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### Advanced Quantitative Methods in Comparative Social Scienceshttp://statisticalmethods.wordpress.com

Multiple Regression

- measures the size & the direction of the linear relation btw. 2 variables (i.e. measure of association)

- unitless statistic (it is standardized); we can directly compare the strength of correlations for various pairs of variables

The stronger the relationship between X & Y, the closer the data points will be to the line; the weaker the relationship, the farther the data points will drift away from the line.

Pearson’s r = the sum of the products of the deviations from each mean, divided by the square root of the product of the sum of squares for each variable.

If X and Y are expressed in standrad scores (i.e. z-scores), we have

Z(y) = β*Z(x)and r = Σ(Zy*Zx)/N = beta

Ŷ = a + b1X1 + b2X2 + ... + biXi

- this equationrepresents the best prediction of a DV from several continuous (or dummy) IVs; i.e. itminimizes the squared differences btw. Y and Ŷ least square regression

Goal: arrive at a set of regression coefficients (bs) for the IVs that bring Ŷs as close as possible to Ys values

Regression coefficients:

minimize (the sum of squared) deviations between Ŷ and Y;

optimize the correlation btw. Ŷ and Y for the data set.

Three criteria for a number of independent (exploratory) variables:

(1) Theory

(2) Parsimony

(3) Sample size

Common Research Questions variables:

- Is the multiple correlation between the DV and the IVs statistically significant?
- If yes, which IVs in the equation are important, and which not?
- Does adding a new IV to the equation improve the prediction of the DV?
- Is prediction of a DV from one set of IVs better than prediction from another set of IVs?
Multivariate regression also allows for non-linear relationships, by redefining the IV(s): squaring, cubing, .. of the original IV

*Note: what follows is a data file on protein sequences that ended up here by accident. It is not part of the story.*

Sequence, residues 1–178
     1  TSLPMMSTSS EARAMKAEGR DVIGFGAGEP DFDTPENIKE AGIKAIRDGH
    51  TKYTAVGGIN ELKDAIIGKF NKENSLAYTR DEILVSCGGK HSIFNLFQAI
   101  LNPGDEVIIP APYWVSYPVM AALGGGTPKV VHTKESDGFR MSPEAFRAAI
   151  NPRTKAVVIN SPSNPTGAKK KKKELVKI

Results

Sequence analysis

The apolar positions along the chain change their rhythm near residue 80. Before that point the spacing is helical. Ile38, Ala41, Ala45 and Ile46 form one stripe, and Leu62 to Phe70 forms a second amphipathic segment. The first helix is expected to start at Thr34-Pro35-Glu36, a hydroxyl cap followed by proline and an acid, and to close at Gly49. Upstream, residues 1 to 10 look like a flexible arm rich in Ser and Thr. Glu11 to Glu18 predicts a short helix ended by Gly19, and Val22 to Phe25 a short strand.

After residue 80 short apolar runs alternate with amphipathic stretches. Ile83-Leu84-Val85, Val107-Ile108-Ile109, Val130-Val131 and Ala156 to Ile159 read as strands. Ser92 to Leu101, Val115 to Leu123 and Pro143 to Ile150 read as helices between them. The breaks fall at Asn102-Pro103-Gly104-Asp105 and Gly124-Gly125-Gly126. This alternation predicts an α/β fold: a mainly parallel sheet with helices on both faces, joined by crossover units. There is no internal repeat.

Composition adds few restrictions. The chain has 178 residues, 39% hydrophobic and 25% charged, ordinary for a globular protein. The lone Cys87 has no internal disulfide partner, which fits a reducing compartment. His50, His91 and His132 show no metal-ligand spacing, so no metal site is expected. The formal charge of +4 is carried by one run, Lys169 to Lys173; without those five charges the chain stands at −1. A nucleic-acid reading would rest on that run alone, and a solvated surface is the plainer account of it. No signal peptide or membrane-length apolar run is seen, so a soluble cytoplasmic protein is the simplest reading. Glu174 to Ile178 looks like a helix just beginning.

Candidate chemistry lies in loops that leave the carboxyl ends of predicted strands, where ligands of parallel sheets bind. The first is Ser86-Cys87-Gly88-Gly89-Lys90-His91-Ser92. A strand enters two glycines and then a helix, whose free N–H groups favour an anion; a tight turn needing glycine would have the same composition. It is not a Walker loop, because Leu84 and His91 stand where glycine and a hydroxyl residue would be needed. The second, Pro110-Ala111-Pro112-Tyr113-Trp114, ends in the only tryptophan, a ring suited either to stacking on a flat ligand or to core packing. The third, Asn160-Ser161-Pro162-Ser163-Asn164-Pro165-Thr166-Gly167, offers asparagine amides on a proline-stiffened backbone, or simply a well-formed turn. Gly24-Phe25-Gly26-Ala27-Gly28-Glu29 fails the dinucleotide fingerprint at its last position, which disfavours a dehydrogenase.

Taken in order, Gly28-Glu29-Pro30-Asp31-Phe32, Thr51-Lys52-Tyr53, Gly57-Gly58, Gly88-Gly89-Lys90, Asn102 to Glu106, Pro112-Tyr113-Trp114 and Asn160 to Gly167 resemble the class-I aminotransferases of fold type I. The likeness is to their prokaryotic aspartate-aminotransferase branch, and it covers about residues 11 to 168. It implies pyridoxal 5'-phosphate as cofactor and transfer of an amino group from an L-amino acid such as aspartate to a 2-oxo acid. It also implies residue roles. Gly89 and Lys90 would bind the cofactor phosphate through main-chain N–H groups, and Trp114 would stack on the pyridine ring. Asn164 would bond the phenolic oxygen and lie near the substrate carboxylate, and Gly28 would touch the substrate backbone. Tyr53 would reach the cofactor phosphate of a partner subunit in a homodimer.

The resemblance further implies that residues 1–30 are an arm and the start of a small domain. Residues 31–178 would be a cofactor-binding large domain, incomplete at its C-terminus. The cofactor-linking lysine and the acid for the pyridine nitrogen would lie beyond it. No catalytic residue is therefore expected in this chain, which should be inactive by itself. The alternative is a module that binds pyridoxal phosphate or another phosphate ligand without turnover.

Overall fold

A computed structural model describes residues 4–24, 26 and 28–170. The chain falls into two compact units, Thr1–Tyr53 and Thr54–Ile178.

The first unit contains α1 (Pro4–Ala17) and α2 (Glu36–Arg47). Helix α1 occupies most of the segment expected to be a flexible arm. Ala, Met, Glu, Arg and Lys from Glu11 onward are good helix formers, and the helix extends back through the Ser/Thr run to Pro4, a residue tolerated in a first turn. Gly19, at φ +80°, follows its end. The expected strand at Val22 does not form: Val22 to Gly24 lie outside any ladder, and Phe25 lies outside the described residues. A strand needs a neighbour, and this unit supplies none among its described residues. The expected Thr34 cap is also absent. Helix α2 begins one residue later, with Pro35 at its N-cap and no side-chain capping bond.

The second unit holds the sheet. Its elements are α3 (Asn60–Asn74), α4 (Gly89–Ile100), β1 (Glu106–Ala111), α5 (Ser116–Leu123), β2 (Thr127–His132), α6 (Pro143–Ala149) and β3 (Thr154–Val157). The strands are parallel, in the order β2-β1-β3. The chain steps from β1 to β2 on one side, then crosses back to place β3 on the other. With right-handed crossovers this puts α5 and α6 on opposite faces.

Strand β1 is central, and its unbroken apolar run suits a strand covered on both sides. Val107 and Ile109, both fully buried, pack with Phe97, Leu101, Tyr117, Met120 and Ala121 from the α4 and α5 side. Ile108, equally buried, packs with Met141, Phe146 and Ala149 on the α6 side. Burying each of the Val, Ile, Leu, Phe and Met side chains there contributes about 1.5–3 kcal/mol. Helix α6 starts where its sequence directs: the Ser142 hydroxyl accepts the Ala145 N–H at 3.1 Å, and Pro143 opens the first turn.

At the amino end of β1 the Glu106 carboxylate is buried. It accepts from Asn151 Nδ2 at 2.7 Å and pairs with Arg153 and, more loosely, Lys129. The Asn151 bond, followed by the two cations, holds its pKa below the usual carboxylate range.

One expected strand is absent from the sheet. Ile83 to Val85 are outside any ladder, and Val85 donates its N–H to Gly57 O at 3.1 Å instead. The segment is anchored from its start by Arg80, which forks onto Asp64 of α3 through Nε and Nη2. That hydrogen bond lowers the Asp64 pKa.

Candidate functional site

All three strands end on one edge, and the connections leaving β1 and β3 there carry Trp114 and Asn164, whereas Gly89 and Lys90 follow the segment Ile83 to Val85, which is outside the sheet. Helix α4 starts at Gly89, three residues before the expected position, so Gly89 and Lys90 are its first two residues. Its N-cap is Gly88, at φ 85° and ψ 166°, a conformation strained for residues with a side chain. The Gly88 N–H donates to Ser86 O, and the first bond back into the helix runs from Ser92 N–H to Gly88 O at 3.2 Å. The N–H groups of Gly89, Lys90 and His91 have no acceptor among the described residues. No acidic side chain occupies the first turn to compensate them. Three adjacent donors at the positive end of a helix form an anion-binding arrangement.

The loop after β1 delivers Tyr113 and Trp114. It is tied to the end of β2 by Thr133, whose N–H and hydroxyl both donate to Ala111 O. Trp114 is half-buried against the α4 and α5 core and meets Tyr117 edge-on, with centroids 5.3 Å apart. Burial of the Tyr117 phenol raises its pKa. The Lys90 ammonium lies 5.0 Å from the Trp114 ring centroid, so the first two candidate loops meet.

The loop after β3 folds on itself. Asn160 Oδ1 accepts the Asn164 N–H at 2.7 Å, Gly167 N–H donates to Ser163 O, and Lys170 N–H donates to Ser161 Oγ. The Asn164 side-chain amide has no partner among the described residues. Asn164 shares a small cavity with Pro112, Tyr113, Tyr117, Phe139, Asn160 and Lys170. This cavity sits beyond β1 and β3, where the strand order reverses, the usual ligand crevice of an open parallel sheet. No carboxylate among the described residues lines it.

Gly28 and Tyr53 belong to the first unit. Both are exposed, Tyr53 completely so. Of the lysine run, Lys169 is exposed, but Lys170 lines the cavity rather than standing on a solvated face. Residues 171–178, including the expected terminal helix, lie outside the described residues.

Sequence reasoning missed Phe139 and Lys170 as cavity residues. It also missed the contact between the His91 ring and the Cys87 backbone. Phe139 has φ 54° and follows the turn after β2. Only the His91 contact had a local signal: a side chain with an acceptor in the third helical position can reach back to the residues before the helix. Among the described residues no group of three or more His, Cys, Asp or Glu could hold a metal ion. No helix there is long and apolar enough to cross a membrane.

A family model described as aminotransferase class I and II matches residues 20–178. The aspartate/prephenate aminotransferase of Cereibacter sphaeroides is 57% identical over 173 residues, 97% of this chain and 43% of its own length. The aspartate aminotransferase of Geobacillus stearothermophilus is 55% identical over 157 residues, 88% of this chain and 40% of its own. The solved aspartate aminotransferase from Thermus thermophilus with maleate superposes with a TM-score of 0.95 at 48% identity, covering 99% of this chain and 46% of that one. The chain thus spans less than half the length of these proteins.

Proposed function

Assumptions variables:

- Random sampling;
- DV = continuous; IV(s) variables = continuous (can be treated as such), or dummies;
- Linear relationship btw. the DV& the IVs variables (but we canmodel non-linear relations);
- Normally distributed characteristics of Y in the population;
- Normality, linearity, and homoskedasticity btw. predicted DV scores (Ŷs) and the errors of prediction (residuals)
- Independence of errors;
- No large outliers

Initial checks variables:

1. Cases-to-IVs Ratio

Rule of thumb: N>= 50 + 8*m for testing the multiple correlation;

N>=104 + m for testing individual predictors,

where m = no. of IVs

Need higher case-to-IVs ratio when:

- the DV is skewed (and we do not transform it);
- a small effect size is anticipated;
- substantial measurement error is to be expected
2. Screening for outliers among the DV and the IVs

3. Multicollinearity

- too highly correlated IVs are put in the same regression model

4. variables:Assumptions of normality, linearity, and homoskedasticity btw. predicted DV scores (Ŷs) and the errors of prediction (residuals)

4.a. Multivariate Normality

- each variable & all linear combinations of the variables are normally distributed;
- if this assumption is met residuals of analysis = normally distributed & independent
For grouped data: assumption pertains to the sampling distribution of means of variables;

Central Limit Theory: with sufficiently large sample size, sampling distributions are normally distributed regardless of the distribution of the variables

What to look for (in ungrouped data):

- is each variable normally distributed?
Shape of distribution: skewness & kurtosis. Frequency histograms; expected normal probability plots; detrend expected normal probability plots

- are the realtionships btw. pairs of variables (a) linear, and (b) homoskedastic (i.e. the variance of one variable is the same at all values of other variables)?

Homoskedasticity variables:

- for ungrouped data: the variability in scores for one continuous variable is ~ the same at all values of another continuous variable
- for grouped data: the variability in the DV is expected to be ~ the same at all levels of the grouping variable
Heteroskedasticity = caused by:

- non-normality of one of the variables;
- one variable is related to some transformation of the other;
- greater error of measurement at some level of an IV

Residuals Scatter variables:Plots to check if:

4.a. Errors of prediction are normally distributed around each & every Ŷ

4.b. Residuals have straight line relationship with Ŷs

- If genuine curvilinear relation btw. an IV and the DV, include a square of the IV in the model

4.c. The variance of the residuals about Ŷs is ~the same for all predicted scores (assumption of homoskedasticity)

- heteroskedasticity may occur when:

- some of the variables are skewed, and others are not;

may consider transforming the variable(s)

- one IV interacts with another variable that is not part of the equation

5. Errors of prediction are independent of one another

Durbin-Watson statistic = measure of autocorrelation of errors over the sequence of cases; if significant it indicates non-independence of errors

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